Wolverhampton Magistrates’ Court heard the “serious” fire safety dangers came to light during inspection visits by West Midlands Fire Service in the run-up to Christmas 2015 at the company’s JD Sports and Scotts stores in Merry Hill shopping centre in Brierley Hill, near Dudley. The officers discovered a fire exit blocked by metal clothing rails and an escape route blocked by crates and stock, reducing its width to just 30cm. Although the officers warned they would be revisiting, fire safety breaches were again identified when they returned two weeks later.
According to the Express and Star newspaper, which attended court, although the fire officers had instructed the company to clear the blocked fire exit and escape route during their initial inspection visit, when they returned two weeks later they “found the very same protected route and emergency exit blocked”. A risk assessment carried out by JD Sports in May 2014 had concluded an escape corridor to the rear of one of the stores was congested with packaging waste and should be cleared and then checked daily by a store manager, the newspaper reported. “It was plain that the company had been on notice of the problem at least 18 months prior to the December 2015 inspections,” said prosecutor Mark Jackson.
JD Sports Fashion plc, which pleaded guilty to six fire safety offences, reportedly told the court the fire safety breaches “arose from difficulties in managing stock levels” at the store, which had resulted in an “excess of materials”. According to the Express and Star, the company said it had been dealing with “an unprecedented volume of stock” when the inspections occurred, although its other fire detection and prevention systems were all in full working order at the time.
Representing JD Sports, Eleanor Sanderson reportedly said the company sincerely regretted the fire safety breaches, had since moved to a bigger store in the Brierley Hill shopping centre and had improved its stock ordering and management procedures.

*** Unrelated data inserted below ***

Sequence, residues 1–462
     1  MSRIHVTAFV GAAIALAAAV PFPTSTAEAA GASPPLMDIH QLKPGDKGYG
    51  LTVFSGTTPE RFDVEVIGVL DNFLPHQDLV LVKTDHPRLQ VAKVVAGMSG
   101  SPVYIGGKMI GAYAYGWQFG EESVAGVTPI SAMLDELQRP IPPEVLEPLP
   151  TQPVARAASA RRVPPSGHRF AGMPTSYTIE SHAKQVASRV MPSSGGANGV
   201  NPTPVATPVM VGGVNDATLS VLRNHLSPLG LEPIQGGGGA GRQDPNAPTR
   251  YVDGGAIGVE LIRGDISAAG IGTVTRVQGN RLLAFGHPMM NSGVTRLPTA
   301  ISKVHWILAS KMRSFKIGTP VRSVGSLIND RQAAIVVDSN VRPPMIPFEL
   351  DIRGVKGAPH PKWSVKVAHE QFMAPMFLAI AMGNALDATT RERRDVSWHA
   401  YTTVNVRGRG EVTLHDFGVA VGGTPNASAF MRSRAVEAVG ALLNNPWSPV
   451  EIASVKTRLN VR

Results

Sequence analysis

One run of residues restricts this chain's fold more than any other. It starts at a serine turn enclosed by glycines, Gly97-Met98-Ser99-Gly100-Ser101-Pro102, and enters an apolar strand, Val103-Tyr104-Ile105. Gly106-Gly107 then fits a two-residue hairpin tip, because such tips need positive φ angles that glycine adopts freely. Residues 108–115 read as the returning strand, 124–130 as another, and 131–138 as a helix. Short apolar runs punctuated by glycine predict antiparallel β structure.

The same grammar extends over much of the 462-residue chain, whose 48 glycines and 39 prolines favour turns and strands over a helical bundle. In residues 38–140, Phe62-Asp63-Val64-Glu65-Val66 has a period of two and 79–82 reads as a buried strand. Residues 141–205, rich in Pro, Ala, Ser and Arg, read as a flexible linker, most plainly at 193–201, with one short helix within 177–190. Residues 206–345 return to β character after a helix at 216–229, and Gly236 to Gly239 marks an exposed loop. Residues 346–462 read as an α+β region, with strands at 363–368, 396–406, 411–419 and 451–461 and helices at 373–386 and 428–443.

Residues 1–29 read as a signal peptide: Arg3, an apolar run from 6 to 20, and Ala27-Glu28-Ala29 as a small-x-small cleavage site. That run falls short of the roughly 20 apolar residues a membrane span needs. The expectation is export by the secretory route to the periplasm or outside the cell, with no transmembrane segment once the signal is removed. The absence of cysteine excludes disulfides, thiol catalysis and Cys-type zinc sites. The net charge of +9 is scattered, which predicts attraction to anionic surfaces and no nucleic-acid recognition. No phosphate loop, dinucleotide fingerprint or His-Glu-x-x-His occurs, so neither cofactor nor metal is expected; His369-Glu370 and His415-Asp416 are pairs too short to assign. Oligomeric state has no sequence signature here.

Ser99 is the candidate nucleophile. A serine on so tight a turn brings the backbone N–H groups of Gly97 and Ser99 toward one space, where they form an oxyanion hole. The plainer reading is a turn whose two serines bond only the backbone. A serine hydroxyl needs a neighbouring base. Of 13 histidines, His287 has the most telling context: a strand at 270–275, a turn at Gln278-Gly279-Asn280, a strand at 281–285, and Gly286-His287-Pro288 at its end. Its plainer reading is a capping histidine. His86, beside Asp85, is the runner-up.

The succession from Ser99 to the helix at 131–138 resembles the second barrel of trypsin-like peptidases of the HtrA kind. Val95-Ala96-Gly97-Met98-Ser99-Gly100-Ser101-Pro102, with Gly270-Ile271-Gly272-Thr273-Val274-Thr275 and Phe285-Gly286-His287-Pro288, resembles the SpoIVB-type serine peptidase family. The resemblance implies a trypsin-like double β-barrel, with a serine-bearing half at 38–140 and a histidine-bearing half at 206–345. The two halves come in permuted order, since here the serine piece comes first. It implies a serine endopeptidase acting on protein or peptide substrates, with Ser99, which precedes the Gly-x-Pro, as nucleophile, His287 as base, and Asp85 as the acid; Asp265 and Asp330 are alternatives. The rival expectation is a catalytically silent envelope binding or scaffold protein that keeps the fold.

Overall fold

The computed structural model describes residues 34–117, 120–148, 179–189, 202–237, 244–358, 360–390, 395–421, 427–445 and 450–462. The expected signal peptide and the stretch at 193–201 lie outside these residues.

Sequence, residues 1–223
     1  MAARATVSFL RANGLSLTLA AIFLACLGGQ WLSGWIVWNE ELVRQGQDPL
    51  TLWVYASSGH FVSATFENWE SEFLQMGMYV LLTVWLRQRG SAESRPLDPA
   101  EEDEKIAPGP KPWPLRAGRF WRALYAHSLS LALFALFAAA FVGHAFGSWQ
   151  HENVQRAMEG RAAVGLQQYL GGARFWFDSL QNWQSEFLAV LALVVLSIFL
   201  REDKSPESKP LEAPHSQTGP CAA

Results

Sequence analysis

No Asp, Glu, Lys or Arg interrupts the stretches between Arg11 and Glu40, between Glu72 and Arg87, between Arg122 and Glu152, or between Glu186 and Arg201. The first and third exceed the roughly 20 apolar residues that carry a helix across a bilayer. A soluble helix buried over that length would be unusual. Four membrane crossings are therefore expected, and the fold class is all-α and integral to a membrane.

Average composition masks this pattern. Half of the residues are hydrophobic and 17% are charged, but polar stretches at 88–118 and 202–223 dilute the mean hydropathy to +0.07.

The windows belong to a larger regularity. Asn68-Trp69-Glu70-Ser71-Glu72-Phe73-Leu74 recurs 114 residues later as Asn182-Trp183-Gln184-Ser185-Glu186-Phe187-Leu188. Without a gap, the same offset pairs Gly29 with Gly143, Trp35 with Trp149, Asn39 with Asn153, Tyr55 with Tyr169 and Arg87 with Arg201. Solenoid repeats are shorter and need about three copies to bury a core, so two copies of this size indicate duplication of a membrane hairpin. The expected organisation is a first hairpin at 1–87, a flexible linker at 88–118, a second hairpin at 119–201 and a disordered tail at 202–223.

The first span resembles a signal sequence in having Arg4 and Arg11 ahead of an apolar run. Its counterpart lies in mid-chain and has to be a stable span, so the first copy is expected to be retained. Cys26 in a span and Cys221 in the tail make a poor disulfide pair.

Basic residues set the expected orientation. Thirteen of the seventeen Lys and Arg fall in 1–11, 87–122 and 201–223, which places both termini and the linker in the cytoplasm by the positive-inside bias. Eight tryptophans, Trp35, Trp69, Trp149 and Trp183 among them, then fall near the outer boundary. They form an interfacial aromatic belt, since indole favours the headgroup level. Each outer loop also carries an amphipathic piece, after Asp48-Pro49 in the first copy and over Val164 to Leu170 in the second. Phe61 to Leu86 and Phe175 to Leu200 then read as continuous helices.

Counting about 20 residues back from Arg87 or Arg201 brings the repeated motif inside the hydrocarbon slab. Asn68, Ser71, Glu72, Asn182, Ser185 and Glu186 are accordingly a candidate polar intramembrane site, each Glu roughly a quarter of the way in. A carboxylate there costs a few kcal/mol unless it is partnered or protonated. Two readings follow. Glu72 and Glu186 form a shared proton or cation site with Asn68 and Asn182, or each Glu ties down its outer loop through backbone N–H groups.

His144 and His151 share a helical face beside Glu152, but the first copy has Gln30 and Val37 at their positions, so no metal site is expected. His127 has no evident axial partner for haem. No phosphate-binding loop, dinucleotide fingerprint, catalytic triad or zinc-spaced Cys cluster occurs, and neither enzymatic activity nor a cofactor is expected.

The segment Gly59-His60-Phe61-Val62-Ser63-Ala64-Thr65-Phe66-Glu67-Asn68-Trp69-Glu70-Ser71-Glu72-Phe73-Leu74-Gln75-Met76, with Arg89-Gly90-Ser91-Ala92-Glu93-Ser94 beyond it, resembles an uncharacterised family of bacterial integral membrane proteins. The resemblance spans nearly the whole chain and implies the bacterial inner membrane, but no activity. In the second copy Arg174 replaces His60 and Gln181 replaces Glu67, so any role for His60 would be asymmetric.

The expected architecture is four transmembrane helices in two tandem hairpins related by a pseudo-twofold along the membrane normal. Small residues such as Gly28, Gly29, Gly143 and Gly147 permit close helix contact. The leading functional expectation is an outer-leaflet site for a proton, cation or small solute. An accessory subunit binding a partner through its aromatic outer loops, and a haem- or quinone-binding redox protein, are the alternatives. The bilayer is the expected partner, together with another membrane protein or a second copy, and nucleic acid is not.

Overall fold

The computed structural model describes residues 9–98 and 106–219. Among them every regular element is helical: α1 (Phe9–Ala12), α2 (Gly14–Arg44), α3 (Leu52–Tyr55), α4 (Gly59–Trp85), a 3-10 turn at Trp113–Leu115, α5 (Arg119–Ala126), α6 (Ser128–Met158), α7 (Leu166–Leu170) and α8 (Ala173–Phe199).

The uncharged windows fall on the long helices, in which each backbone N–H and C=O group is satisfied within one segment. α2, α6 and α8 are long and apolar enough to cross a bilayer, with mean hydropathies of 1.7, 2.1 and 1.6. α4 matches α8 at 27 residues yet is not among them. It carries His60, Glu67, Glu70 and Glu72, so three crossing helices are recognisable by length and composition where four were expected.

After the case, Mick Norton, a fire inspection officer for West Midlands Fire Service, said: “It beggars belief that the company compromised the safety of their staff and Christmas shoppers in this way.
“In spite of our warning that we would be revisiting, breaches were again identified when we returned two weeks later.
“Retailers must realise they can’t put profit before people’s safety by over-stocking, reducing the width of escape routes and blocking fire exit routes.”
JD Sports Fashion plc was fined £10,000 for each of the six fire safety offences and ordered to pay prosecution costs of nearly £7,500.
In a statement issued after the case, JD Sports said: "We regret the circumstances that gave rise to this conviction under the Regulatory Reform Fire Safety Order. We accepted our failings at an early stage and cooperated fully with West Midlands Fire Service.
"The incident related to the high demand and lack of storage for stock in the busy Christmas period. We have since increased the size of the store. The health and safety of our customers and staff is our highest priority and the Court concluded that we have robust systems in place and a good fire safety record prior to this offence, with no previous convictions for an offence of this nature."
JD Sports Fashion plc reported revenues of £2.3bn in 2017 and “record” headline profits before tax and exceptional items of £244m in 2017, up 56% from £157m in 2016.